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The Creevey Papers
Thomas Creevey to James Currie, 21 January 1804

Vol. I. Contents
Ch. I: 1793-1804
Ch. II: 1805
Ch. III: 1805
Ch. IV: 1806-08
Ch. V: 1809
Ch. VI: 1810
Ch. VII: 1811
Ch. VIII: 1812
Ch. IX: 1813-14
Ch X: 1814-15
Ch XI: 1815-16
Ch XII: 1817-18
Ch XIII: 1819-20
Vol. II. Contents
Ch I: 1821
Ch. II: 1822
Ch. III: 1823-24
Ch. IV: 1825-26
Ch. V: 1827
Ch. VI: 1827-28
Ch. VII: 1828
Ch. VIII: 1829
Ch. IX: 1830-31
Ch. X: 1832-33
Ch. XI: 1833
Ch. XII: 1834
Ch XIII: 1835-36
Ch XIV: 1837-38
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“21 Jan., 1804.

“. . . When I repeat any of Sheridan’s opinions, I do so with more doubt than in stating the opinions of any other persons, for he has acquired such tricks at Drury Lane, such skill in scene-shifting, that I am compelled by experience to listen with distrust to him. For the last three months he has been damning Fox in the midst of his enemies, and in his drunken and unguarded moments has not spared him even in the
circles of his most devoted admirers. He did so at Woburn, the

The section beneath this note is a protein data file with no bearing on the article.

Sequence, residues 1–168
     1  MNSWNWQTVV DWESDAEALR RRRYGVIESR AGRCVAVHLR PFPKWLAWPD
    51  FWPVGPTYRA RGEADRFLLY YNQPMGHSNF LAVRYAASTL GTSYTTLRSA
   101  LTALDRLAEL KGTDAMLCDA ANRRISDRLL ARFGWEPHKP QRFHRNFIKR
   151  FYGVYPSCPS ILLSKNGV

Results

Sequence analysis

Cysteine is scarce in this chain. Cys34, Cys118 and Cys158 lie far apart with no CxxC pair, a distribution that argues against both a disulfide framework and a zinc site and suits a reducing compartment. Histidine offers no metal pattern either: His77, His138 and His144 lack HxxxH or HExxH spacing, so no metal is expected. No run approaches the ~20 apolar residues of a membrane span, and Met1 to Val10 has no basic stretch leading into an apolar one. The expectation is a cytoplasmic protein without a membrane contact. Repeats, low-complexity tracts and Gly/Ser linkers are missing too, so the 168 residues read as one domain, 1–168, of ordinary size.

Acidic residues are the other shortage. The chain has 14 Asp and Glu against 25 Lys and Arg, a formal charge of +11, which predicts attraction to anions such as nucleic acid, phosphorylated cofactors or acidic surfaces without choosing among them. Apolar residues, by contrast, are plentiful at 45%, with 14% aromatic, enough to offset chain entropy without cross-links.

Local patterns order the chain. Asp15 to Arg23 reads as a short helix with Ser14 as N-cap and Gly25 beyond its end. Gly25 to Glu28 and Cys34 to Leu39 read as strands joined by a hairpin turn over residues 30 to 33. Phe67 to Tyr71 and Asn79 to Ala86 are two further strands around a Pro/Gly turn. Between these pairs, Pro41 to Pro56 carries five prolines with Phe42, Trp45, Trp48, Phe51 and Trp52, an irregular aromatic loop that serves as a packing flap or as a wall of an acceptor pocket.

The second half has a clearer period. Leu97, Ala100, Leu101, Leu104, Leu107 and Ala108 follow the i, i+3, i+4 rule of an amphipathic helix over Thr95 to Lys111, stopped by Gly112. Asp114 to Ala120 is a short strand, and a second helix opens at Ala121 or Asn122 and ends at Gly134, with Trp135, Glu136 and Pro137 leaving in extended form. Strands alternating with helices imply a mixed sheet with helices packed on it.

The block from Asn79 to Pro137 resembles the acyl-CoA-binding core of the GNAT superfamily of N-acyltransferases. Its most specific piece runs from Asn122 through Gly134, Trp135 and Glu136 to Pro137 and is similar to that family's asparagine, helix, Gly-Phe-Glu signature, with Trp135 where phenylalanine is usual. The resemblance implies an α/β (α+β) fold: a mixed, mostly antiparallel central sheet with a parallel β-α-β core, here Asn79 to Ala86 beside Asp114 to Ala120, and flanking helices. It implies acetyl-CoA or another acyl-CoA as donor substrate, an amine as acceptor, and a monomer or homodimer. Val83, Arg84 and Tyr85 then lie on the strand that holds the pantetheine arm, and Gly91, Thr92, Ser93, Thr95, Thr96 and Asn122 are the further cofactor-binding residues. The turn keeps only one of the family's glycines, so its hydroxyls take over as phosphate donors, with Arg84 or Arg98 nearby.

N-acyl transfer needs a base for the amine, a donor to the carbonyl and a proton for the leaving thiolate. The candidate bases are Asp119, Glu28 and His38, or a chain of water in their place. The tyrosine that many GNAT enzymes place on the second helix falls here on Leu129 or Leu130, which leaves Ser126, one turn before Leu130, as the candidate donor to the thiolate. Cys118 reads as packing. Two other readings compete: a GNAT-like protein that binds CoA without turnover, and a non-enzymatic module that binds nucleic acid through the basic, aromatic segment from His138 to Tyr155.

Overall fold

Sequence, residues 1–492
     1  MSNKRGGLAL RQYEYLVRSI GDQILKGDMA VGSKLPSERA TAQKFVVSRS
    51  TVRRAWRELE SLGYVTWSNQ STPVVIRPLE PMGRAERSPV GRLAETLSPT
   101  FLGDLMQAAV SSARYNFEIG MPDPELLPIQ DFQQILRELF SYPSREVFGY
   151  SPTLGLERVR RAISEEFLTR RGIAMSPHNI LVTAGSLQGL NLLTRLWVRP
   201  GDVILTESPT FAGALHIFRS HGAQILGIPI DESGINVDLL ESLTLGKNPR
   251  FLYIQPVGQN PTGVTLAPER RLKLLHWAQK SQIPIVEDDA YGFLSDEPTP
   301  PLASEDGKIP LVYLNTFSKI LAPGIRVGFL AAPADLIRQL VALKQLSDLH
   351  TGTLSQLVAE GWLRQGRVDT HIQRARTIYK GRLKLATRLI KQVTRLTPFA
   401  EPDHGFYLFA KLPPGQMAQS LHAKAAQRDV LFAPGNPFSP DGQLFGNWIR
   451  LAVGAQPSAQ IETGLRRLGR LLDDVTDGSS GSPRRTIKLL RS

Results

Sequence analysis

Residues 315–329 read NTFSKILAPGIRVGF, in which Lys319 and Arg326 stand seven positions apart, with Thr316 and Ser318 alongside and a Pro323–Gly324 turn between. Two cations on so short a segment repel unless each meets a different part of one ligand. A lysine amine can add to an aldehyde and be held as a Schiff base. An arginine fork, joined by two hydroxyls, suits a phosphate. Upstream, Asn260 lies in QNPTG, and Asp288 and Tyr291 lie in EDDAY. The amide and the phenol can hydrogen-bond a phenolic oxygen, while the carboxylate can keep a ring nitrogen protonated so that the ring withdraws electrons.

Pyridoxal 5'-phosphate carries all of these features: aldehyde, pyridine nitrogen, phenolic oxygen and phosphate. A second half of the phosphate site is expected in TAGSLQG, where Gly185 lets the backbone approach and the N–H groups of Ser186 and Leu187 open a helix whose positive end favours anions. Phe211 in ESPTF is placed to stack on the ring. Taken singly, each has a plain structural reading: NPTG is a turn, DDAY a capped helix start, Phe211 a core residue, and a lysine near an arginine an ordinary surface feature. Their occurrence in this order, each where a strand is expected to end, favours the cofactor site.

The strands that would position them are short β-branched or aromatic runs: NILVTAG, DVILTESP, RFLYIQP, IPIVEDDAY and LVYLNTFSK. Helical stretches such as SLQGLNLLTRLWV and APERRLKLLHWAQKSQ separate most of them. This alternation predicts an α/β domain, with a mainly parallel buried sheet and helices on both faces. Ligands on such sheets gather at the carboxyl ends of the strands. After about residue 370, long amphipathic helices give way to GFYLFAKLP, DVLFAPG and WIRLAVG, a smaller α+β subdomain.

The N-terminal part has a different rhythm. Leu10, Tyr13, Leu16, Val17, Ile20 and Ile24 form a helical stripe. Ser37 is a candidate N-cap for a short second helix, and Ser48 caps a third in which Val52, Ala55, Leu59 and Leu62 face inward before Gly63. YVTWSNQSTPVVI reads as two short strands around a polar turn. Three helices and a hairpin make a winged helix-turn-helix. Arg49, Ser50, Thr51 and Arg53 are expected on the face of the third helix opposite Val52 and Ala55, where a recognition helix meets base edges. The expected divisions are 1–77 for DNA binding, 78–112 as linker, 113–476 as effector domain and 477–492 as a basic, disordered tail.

Duke of Bedford’s, and was (as you may have heard) challenged for it upon the spot by Adair.* Whitbread, who was present and who made it up (for Sheridan accepted the challenge), told me all the particulars. Now he apparently is much pacified and less inclined to volunteer his panegyric upon the Doctor;† and if one may venture to guess at the motive in so perfect a performer in all mysterious arts, I should say he had been damnably galled by the coldness with which Fox’s friends resented the abuse of the old fellow, and that the dinners and stupidity of Addington and his family parties had been but a poor recompense for his treachery to Fox, and that he was creeping back as well as he is able into his old place. Tierney, as you may suppose, would be dished by Pitt and Addington embracing, and he is therefore laboring to keep the present administration as it is, and with this view is incessantly intriguing for support of it. . . . I forget whether I ever told you of his inviting me to dinner once. It was to meet Brogden and Col. Porter, two cursed rum touches that he has persuaded to vote with him and to desert Fox; so I told Mrs. Creevey before I went that I was sure I was invited to be converted. Accordingly, after a decent time and a considerable allowance of wine had been consumed after dinner, my gentlemen begun to open their batteries upon me. I returned their fire by telling them I should save them much time and trouble by stating to them at once that my political creed was very simple and within a very narrow compass—that it was ‘Devotion to Fox.’ And so we all got to loggerheads directly, and jawed and drank till twelve or one o’clock, and I suppose I was devilish abusive, for they are all as shy as be damned of me ever since.”